AM: I decided to call it the Gordian Knot Company. I thought, we’ve got a company here, let’s give them a name, let’s make it real; we’ll call them the Gordian Knot Lock Company: They’ll Never Untie This Sucker, etc. That’ll be a good gag. Then suddenly when Dave mentioned these Nodus Gordii Mountains and I thought “This is more important than I thought, I’m being given a message here”.
FJ: Extraterrestrials or something.
SW: “Arthur Koestler is sending me messages from the spirit world.”
MS: Do you think it’s possible that this universe, our galaxy, is the one that’s created by Dr Manhattan in Watchmen 12? It’s got to be, hasn’t it?
AM: Who knows? But once we knew that there was something really important about the Gordian Knot, we thought “Well, this whole book is about somebody’s response to the nuclear problem…”
FJ: Which is a Gordian Knot.
AM: Dave reminded me who it was who cut the Gordian Knot.
SW: I wondered if you’d read those three Mary Renault books about Alexander.
AM: No, I’ve not read them.
MS: You were buying one or two of them when I was last up here, Steve.
SW: Yes, well I bought them because I’m interested in mythology. I bought the Theseus trilogy bit by bit, and the bloke in the shop said “Yea, there’s one about Alexander; you can’t get it all, though.” And I thought “Hang on, he must have read that—that’s where he’s got all this…”
DG: We know enough about Alexander to make the connection between the Gordian Knot…
FJ: So initially you didn’t think “We’ll make him want to be Alexander The Great”. That just came up as you were going along?
AM: Because it seemed obvious, once we’d got an Alexander connection, and Veidt and Alexander is the perfect connection…
SW: I remember in No 2, you see the panel where the Comedian has set fire to the map, and it flicks back to the graveyard, and it’s the end of Ozymandias’ flashback. Capt Metropolis is saying “Somebody’s got to save the world”, and you get a poignant Ozymandias looking at the burnt map and you think, “That is him, that’s the man who killed the Comedian.” But I needed a motive, and maybe it’s because you hadn’t given him a motive at that stage…
AM: He did have motive for doing it by then, but we hadn’t got the Alexander connection.
SW: So, like, sexual jealousy and Hooded Justice and all that had been established?
AM: The thing with Veidt was we knew who he was, we knew what sort of person he was.
DG: Peter Cannon, Thunderbolt
SW: I can do it, I must do it, I will do it.
AM: We knew what he was going to do, and we knew his motivation for doing it: he’s the cleverest men in the world. He doesn’t want the world to die, or he will be the cleverest man on a cinder. It was only when we suddenly found the historical model that we realised this guy is really into Alexander! Why is this guy really into Alexander? Because he’s the only person he could identify with. Picture Julius Caesar bursting into tears at the age of 32.. .”What’s the matter, Caesar?” they ask, end he says, “By this age, Alexander ruled the world!” Those people, all of them, would identify with Alexander as the one who’d done it first.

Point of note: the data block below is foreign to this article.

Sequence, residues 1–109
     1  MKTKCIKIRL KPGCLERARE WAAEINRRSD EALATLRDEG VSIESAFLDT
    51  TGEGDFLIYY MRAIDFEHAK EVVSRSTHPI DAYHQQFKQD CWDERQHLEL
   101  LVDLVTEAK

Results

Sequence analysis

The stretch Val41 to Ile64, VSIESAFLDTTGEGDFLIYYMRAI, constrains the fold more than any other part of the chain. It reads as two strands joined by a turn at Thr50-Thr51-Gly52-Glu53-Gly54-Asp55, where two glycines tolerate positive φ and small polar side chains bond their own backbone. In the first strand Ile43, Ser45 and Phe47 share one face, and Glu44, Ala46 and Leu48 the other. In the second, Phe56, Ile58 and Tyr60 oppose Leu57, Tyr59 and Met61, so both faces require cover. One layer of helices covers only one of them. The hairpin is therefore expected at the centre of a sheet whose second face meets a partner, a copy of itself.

SW: But that whole connection with Rameses II and working that all out backwards from the poem, I gradually picked all that up—he’s not quite literally and in a facile way simply modelling himself on Rameses II, because posterity has proved Rameses a failure.
FJ: That’s what puzzled me. I was terribly terribly worried about this character because I thought “Why would this man who is the cleverest man in the world, called Ozymandias, when everyone knows the name from Shelley’s poem—not from the connection with Rameses II. I was worrying myself thinking out his reasons for naming himself after this antique failure.
SW: Especially since it’s probably the very first poem quoted in comics, that Roy Thomas Avengers (No 57).
DG: Well, of course, that where Alan learnt English Literature. Even in itself that became serendipity, because in the piece in issue 10 where Dan penetrates the security of Ozymandias’ computer—which was necessarily simplified.
DG: Lots of people said it would be a lot more complicated, well—yeah it would but you’ve got to make it obvious for people. But it’s the fact that that issue is called ‘Two Riders Were Approaching’ and it’s Rameses II. If you put the two figures on the end of it that is the rider, the rider that it’s necessary to do.
AM: Oh, there’s a lot of clever stuff like that.
DG: We’ve been through the bit about the coincidence of issue 5 .. … there’s the scene where the ageing hippy has killed his children because he doesn’t want them to find out about nuclear war.
SW: Terrifying stuff.
DG: Yeah, and Alan suggested that he had some old 60s decor and posters, and I thought, well, he needs a Grateful Dead poster because
AM: They’re dead.